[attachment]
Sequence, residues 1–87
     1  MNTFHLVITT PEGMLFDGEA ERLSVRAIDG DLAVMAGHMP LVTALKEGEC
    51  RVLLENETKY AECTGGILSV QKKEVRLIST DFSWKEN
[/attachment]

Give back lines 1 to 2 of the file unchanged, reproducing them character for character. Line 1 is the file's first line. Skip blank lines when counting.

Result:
Sequence, residues 1–87
     1  MNTFHLVITT PEGMLFDGEA ERLSVRAIDG DLAVMAGHMP LVTALKEGEC